ANALYSIS: Does Europe need AT&T?

22 October 2013 | Kavit Majithia


AT&T's experience in creating 4G networks could be the welcome boost European telecoms needs to compete with other markets, according to leading analysts.

A high-profile investment by the company has been touted in the continent and a move by AT&T could be imminent, given an increasing amount of investment in the US market.

US operator AT&T has been particularly vocal regarding its interest in making an acquisition in Europe in recent weeks, with rumours that it will launch a bid for UK-based Vodafone gaining increasing traction.

Vodafone's overall portfolio has been significantly affected by the sale of its stake in Verizon Wireless, and there are suggestions in the market that AT&T could pick the company up for approximately $80 billion.

While AT&T has not directly confirmed its interest in Vodafone, a range of industry analysts have suggested the company could be a natural fit for the US giant.

"Vodafone has certainly been mentioned [as a target], but I would expect them to look at the balance between the company's mature and emerging operations," said Rich Karpinski, senior analyst at Yankee Group.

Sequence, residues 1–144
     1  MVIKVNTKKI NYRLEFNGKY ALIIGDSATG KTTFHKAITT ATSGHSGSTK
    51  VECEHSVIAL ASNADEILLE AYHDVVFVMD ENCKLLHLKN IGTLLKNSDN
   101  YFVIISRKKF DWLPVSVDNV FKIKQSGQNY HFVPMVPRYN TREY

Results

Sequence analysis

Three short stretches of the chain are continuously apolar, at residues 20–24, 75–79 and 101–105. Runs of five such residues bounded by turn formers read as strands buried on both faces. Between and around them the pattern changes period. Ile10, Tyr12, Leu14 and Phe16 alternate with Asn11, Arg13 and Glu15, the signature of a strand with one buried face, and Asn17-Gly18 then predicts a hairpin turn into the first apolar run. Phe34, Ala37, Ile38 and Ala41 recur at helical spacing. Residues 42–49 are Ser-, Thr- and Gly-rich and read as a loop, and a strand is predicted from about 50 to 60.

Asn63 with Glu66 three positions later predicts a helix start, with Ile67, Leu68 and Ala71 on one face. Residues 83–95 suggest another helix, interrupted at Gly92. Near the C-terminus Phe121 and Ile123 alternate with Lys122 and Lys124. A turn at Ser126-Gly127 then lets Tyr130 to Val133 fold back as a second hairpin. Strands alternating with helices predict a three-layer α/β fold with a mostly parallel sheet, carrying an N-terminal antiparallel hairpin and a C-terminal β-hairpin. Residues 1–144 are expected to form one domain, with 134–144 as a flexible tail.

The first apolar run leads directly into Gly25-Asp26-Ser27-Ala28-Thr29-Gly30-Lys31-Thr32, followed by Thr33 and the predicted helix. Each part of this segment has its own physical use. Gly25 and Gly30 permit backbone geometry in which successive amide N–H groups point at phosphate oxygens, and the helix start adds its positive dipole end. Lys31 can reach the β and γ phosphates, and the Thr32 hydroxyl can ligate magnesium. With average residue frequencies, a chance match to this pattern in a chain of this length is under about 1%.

CEO Randall Stephenson has said he sees "great opportunity" to invest in mobile broadband in Europe, and believes the continent has the potential to be "amazingly exciting".

It also appears the company has been buoyed by the fragile state European telecoms is in at the moment, not deterred, with fragmented pricing, extreme regulation and the lack of an established regional network the major talking points.

Stephenson said this month he continued "to be fascinated by how slow mobile broadband is moving in Europe". He has argued for changes in spectrum policy and reiterated calls for further network investment, but he may not make his move until the changes are in place.

Karpinski believes the problems Europe is facing will only increase AT&T's interest in entering the market.

"Economic conditions in certain regions would likely be a limiting factor, but also could present opportunities to buy an operator at a bargain, bail-out price," Karpinski said.

"There are always risks in moving into other geographies. But multinational operators are probably more the norm than the exception, so it seems a natural step for AT&T," he added.

As telecoms Commissioner Neelie Kroes is battling for reform in the European telecoms market to generate growth, is AT&T's pending European adventure just what the continent needs?